We saw everything from wall climbs, to jumping off platforms into water. As well there were signs posted that told you to do push ups and wheel barrows. There were no sign of event staff which made it easy to not do it, but we did anyway with a smiles on our faces. Two of my favourite challenges were the fireman carry and log carry. I always feel tired after carrying someone over my shoulders, and love the challenge. For our log carry, we saw some people trying to find the smallest logs they could, we saw people trying to get as many of their buddies under a log as they could, and we saw a few people do what we did, which was find the biggest log we could and run instead of walk.

At the end of the challenge we all had big smiles on our faces and I was glad I participated. It was great seeing teamwork in action. I saw every body type at Tough Mudder, from Crossfit rip shows to people that were obese, but powering through. What was great was that there didn't seem to be any ego. Everyone was happy, and everyone was willing to lend a helping hand when someone needed one.

How tough was Tough Mudder? Personally I didn't find it much of a challenge. I only found two or three of the obstacles to be physically difficult. The rest was just, are you willing to get muddy…again. I wouldn't say that I'm out of shape, but I wouldn't say that I'm in great shape either. I don't have a gym membership, I don't run, and I don't lift weights. I love eating, and I enjoy a beer from time to time. That being said, if I were to start with the first heat ensuring that there weren't any line ups, and if I ran the ENTIRE thing, I'm sure I would have been shit show at the finish. And that's what it really comes down to. Tough Mudder is as tough as you want to make it. All of the obstacles are optional, so really you could just go for an 18km walk and get your orange headband and tshirt. Or if you wanted, you could sprint the whole thing and do your best to beat as many people as possible. At the end of the day I am glad that I can say I had a lot of fun. Tough Mudder was like a playground for adults and at the end they give you a beer. Who can say that doesn't sound like a good time?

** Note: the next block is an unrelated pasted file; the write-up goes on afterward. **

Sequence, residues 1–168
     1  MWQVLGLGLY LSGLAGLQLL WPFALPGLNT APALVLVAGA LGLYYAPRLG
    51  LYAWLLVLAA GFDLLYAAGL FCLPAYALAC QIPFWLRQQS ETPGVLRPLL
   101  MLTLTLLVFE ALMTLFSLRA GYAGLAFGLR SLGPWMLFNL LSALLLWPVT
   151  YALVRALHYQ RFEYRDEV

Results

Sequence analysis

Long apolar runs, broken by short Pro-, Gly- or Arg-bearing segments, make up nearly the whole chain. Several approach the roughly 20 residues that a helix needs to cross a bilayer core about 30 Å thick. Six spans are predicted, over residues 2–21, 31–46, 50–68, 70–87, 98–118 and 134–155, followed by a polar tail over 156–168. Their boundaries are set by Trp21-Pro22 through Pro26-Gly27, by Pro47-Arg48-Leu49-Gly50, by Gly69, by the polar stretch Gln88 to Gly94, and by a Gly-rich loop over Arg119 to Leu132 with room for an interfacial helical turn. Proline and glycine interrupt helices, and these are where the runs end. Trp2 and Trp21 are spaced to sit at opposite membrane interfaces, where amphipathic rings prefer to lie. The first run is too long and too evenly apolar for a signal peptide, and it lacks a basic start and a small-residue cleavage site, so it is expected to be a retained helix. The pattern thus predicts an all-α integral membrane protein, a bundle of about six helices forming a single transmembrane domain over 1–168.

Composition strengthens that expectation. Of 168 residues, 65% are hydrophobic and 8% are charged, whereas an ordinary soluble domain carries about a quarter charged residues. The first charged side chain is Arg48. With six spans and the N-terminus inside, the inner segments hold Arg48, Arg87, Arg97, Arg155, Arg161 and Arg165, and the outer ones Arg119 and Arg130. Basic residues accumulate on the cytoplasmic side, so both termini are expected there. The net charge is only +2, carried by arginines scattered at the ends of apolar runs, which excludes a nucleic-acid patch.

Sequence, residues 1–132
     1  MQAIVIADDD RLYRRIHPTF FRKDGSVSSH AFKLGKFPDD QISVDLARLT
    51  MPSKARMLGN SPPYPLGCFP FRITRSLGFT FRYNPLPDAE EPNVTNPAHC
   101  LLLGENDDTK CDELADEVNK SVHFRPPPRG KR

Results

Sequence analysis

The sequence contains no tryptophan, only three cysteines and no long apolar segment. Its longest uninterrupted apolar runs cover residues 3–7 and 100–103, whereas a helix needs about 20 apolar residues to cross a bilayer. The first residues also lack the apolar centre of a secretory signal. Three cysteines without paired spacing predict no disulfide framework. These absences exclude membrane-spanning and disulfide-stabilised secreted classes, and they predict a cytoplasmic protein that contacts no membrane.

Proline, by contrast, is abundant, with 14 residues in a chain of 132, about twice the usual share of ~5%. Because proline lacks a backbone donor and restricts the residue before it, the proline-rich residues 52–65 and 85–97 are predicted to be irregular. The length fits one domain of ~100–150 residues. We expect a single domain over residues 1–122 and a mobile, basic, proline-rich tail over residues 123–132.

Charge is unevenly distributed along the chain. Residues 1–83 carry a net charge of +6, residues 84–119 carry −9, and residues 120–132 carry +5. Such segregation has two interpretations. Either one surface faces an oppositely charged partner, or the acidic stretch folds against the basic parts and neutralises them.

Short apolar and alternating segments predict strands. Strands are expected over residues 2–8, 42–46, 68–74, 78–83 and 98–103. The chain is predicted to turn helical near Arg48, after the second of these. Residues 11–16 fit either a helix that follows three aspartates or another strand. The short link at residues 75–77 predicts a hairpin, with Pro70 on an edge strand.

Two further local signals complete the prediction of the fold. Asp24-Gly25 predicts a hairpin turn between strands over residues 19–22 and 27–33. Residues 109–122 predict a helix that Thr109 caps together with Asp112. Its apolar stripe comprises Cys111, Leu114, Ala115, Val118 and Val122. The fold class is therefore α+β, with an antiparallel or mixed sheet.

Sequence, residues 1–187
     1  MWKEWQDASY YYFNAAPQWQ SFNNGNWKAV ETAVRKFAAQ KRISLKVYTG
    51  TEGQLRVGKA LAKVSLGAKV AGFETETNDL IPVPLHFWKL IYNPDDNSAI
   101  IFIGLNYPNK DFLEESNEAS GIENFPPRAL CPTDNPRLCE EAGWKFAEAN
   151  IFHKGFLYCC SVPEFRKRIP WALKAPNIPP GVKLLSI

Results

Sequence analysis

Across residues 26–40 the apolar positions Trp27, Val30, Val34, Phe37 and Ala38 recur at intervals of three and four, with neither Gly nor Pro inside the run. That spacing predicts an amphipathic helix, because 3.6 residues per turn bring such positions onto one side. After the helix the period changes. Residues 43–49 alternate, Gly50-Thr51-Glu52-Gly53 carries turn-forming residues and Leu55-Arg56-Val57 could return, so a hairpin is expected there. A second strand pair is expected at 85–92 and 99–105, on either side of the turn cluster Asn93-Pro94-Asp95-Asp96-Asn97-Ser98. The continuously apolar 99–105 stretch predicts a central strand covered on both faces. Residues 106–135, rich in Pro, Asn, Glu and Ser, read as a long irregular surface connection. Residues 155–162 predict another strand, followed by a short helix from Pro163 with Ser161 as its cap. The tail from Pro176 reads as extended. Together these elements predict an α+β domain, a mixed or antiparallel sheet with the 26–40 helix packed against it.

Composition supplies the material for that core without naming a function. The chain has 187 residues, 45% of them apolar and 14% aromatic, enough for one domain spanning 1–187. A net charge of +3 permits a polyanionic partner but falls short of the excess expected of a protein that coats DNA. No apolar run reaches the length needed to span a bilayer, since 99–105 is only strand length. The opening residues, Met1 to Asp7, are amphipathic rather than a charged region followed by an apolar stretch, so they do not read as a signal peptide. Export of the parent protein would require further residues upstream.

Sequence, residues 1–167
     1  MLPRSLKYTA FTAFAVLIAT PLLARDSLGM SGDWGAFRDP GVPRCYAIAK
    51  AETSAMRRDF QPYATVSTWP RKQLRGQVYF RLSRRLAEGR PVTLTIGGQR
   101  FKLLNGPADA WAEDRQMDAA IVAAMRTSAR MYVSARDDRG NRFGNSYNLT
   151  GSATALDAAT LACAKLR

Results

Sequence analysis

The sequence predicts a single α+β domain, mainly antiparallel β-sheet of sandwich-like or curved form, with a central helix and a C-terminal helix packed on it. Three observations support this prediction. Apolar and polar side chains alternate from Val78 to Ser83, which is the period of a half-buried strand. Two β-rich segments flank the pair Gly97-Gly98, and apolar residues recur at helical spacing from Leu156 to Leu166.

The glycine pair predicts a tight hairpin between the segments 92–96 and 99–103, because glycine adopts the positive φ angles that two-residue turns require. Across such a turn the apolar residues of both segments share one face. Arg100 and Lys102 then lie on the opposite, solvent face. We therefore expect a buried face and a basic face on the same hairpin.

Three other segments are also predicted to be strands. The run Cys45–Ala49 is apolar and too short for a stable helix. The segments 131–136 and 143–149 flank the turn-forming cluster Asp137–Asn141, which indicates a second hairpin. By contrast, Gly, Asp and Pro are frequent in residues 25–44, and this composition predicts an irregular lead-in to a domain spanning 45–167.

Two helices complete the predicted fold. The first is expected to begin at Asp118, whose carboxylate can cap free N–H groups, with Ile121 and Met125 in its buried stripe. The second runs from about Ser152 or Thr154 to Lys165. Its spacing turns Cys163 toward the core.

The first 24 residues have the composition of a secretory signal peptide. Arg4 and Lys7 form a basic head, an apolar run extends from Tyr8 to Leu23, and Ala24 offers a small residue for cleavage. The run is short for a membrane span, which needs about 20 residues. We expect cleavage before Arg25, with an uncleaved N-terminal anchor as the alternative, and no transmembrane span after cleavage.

Pros:
• Gets you hungry to find bigger and tougher challenges!
• A great team building event.
• A lot of fun!

Cons:
• Line ups before obstacles. We waited almost an hour to hop over a few snowboarding boxes and rails.
• The cold shower at the end was worse than "The Arctic Enema". We did Arctic Enema twice in actually! But I definitely wouldn't have taken that shower twice.
• They list over 20 obstacles, but some of them are really lame, like climbing over hay or crawling under tractors. As well, I LOVE log and fireman carries, but they seem more like filler than anything else.

3 comments:

  1. Were there any electricity obstacles at your Tough Mudder?

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    Replies
    1. There were two. One was in water and we had to crawl past wires dangling down. The other was at the end. Same idea as the first one, but you ran instead. Definitely a unique sensation haha

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  2. Sounds like the most fun one can and still keep their clothes on...